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Film / The Vampire Lovers

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The Vampire Lovers is a 1970 Hammer Horror film starring Ingrid Pitt, Peter Cushing, Douglas Wilmer, Ferdy Mayne, Madeline Smith and Kate O'Mara, based on Sheridan Le Fanu's novella Carmilla.

A woman calling herself Carmilla (Pitt) arrives at the residence of one Mr. Morton, where she befriends Morton's daughter Emma (Smith) and Emma's governess (O'Mara); thereafter Emma suffers mysterious nightmares. The secret to Carmilla's mysterious past may lie with General Spielsdorf (Cushing) and Baron Hartog (Wilmer).

Followed by two sequels, Lust for the Vampire and Twins of Evil; altogether these films are known as Karnstein trilogy.


Has the examples of:

  • Adaptation Personality Change: In the book, the main character is highly educated, speaks three languages, and is steeped in Enlightenment ideals due to her father not wanting her to be superstitious. Emma is a wide-eyed ingenue who doesn't know the German word for "eyebrow" and is easily spooked.
    • Carmilla herself shows more sympathetic traits in the book, and was an innocent when alive. Here she is purely evil, and apparently her whole family was even before becoming vampires.
  • Adaptation Name Change: Laura becomes Emma in this version, while Bertha Spielsdorf, one of Carmilla's earlier victims, becomes (somewhat confusingly) Laura.
  • Ambiguously Bi: Mircalla is willing to seduce men to get what she wants as well, though her preference seems to be women.
  • Bitch in Sheep's Clothing: Mircalla.
  • Bling of War: General Spielsdorf (Peter Cushing) in the ball scene.
  • Breaking and Bloodsucking: A young woman is asleep in her cottage. She's startled awake by Carmilla stroking her face but soon after is delighted to see her.
  • Bury Your Gays: Mircalla and the Governess' fates.
  • Does Not Like Shoes: Mircalla seems to prefer hunting prey barefoot and in a sleek nightgown.
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  • Death by Sex: Played with as some who have sex with Mircalla die while others do not.
  • Demoted to Extra: Due to Adaptation Name Change, Laura is portrayed as Carmilla's first victim who is quickly killed off in the first twenty minutes.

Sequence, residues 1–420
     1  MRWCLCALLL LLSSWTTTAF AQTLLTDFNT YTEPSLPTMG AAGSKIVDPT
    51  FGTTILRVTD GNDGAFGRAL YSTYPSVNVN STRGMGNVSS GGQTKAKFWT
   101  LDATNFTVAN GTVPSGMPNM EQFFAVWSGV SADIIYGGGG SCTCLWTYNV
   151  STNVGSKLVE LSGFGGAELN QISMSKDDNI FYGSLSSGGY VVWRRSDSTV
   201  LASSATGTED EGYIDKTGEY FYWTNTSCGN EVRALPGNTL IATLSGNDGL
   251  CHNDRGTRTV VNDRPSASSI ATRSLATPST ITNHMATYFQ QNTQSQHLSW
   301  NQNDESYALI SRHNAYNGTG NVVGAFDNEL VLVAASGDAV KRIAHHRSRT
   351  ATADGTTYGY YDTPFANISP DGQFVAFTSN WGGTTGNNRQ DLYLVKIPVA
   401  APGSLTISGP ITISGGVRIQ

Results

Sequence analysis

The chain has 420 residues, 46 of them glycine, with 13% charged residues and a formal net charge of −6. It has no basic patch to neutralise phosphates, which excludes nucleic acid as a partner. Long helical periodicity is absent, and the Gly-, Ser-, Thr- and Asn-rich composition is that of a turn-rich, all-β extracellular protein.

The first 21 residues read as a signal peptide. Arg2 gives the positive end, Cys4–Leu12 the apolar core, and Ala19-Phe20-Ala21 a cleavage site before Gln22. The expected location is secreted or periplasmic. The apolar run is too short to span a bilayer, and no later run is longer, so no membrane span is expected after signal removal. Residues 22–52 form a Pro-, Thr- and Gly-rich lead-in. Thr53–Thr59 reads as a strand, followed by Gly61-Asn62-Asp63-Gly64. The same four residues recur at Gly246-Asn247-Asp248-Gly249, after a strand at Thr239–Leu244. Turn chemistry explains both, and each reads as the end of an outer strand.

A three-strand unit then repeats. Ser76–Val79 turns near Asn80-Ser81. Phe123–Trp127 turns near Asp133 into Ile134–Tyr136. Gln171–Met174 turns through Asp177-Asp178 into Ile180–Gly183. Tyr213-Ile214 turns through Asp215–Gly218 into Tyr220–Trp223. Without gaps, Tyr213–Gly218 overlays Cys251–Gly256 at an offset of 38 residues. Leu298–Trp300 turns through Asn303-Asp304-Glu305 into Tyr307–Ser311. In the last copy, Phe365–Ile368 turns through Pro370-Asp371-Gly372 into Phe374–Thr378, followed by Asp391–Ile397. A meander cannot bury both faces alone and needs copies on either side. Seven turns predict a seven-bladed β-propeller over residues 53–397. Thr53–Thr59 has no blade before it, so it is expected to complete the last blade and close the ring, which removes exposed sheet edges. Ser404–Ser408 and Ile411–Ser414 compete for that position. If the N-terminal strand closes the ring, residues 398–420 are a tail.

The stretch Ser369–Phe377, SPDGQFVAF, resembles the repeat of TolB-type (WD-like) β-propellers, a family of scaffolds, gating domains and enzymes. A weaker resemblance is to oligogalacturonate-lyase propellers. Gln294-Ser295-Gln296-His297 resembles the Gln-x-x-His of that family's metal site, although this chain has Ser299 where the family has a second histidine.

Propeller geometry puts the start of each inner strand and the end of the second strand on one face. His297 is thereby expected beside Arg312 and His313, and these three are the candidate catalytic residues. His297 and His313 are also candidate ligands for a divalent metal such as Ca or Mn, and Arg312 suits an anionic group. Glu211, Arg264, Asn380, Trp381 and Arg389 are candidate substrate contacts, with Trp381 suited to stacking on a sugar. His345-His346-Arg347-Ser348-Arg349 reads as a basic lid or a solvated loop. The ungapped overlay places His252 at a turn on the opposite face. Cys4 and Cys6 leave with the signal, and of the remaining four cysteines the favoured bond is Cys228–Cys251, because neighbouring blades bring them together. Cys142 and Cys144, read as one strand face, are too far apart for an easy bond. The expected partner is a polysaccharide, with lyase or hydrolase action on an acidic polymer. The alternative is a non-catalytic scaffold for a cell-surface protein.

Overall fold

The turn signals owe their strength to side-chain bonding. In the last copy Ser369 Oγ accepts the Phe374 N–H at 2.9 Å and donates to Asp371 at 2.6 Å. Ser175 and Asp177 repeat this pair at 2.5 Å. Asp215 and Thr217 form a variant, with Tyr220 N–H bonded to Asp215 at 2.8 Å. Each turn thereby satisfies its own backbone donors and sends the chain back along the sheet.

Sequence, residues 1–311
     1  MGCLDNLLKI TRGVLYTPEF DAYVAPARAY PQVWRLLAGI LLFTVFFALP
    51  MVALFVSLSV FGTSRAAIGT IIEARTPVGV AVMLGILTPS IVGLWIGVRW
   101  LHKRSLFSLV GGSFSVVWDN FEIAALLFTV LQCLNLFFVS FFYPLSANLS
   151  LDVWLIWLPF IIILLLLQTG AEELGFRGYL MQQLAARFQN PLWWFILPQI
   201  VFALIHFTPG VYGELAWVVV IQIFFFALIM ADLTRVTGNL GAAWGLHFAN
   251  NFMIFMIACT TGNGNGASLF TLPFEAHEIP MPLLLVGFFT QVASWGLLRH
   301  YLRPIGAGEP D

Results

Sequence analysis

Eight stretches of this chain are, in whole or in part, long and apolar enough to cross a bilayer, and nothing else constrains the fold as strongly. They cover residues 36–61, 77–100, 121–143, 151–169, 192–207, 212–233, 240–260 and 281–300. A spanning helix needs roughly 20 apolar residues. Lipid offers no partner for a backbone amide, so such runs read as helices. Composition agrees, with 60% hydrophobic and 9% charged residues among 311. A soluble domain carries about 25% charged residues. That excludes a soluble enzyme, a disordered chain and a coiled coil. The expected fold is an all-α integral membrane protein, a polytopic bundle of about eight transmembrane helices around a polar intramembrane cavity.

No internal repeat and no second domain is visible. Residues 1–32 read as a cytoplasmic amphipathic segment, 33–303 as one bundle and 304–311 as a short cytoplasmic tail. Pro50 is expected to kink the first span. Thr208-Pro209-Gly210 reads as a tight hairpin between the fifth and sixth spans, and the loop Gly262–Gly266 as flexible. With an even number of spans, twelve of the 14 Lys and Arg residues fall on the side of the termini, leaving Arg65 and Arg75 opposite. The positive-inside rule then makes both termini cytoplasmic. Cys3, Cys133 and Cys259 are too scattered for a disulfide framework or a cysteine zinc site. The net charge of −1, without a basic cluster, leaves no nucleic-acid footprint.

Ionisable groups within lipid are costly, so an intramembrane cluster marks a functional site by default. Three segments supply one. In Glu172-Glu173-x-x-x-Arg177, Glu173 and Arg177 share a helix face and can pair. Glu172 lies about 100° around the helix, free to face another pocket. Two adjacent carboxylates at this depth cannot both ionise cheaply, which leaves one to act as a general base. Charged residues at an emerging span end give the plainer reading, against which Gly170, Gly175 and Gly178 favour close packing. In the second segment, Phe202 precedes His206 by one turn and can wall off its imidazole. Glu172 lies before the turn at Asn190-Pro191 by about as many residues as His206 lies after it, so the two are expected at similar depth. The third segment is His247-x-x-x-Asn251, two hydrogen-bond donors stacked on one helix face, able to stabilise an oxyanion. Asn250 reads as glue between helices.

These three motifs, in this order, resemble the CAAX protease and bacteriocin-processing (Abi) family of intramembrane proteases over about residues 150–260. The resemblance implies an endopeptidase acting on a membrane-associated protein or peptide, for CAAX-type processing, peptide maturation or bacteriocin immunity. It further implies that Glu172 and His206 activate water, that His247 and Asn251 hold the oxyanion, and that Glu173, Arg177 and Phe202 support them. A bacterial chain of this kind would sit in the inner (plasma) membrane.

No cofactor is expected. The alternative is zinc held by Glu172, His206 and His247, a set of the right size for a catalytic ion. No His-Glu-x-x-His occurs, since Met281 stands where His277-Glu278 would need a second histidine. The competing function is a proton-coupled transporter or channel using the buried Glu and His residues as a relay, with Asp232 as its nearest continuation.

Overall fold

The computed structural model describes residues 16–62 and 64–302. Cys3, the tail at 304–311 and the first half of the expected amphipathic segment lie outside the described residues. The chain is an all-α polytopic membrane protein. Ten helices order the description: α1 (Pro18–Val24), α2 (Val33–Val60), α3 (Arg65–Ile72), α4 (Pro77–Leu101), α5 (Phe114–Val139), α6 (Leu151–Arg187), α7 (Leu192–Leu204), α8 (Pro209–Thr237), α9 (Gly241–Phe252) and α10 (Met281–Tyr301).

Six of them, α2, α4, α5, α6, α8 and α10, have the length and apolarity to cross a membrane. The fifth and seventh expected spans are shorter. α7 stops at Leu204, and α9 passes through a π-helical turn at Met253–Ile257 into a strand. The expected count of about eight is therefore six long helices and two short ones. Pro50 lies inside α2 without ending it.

• Fanservice: Oh, yes, very much.
  • Getting Crap Past the Radar: There's not much room for doubt Mircalla and Emma (and Mircalla and the Governess) were intimate. This even got past Madeline Smith's (Emma) radar; she later admitted she was a virgin when the movie was made and had no idea what Emma and Mircalla were supposed to be doing.
  • Girl-on-Girl Is Hot: Emma and Carmilla fool around in the nude after Carmilla takes a bath.
  • Good Colors, Evil Colors. In the same ball, Carmilla (Ingrid Pitt) is dressed in blood-red and her mother has black dress (although white roses in the hair). Guess what it means?
  • Haunted Castle: As per the ISO Standard for Hammer Horror.
  • Horror Hunger: Carmilla appears to have genuine feelings for Emma, but can't keep her fangs to herself.
  • Improvised Cross: Carl Ebhardt's cruciform dagger.
  • Lesbian Vampire: Countess Mircalla Karnstein, also known as Carmilla and Marcilla. Also an adaptation of the trope origin, Carmilla.
  • Ms. Fanservice: Ingrid Pitt and all the other young women in the film, who all have at least one scene in a translucent gown.
  • Must Be Invited: Implied on both occasions when Mircalla is a house-guest. Averted with the woman in the cottage.
  • Off with His Head!: The only way to truly kill a vampire.
  • Ominous Fog: In the cemetery during the climax.
  • Our Vampires Are Different: Carmilla seems to have human cohorts who help con unsuspecting families into hosting her.
  • Tragic Monster: Carmilla is implied to have geniune feelings for Emma, but sadly her vampire instincts are way too strong to overcome.
  • Überwald: Officially Styria.
  • Vampire Hunter: The Baron Hartog (Douglas Wilmer) becomes one to avenge his sister. He seeks out every member of the Karnstein family to exterminate them before they wake up from their grave and feed upon the living.
  • Vampires Are Sex Gods: How much of everyone's attraction to Mircalla is real is left ambiguous. Is it mind control, pure lust, or something more?
  • What Happened to the Mouse?: Carmilla's "mother" is never seen again after leaving Carmilla with the Mortons, and it is never explained who exactly she really was. The same goes for the mysterious man in black who watches over the events from a distance then just disappears around the third act.
  • Your Cheating Heart: For romantic interpretations of Mircalla and Emma. Mircalla seduces the Governess as well, though abandons her in the end.
  • You Have Outlived Your Usefulness: Mircalla kills the Governess once the latter isn't useful to her.


Example of: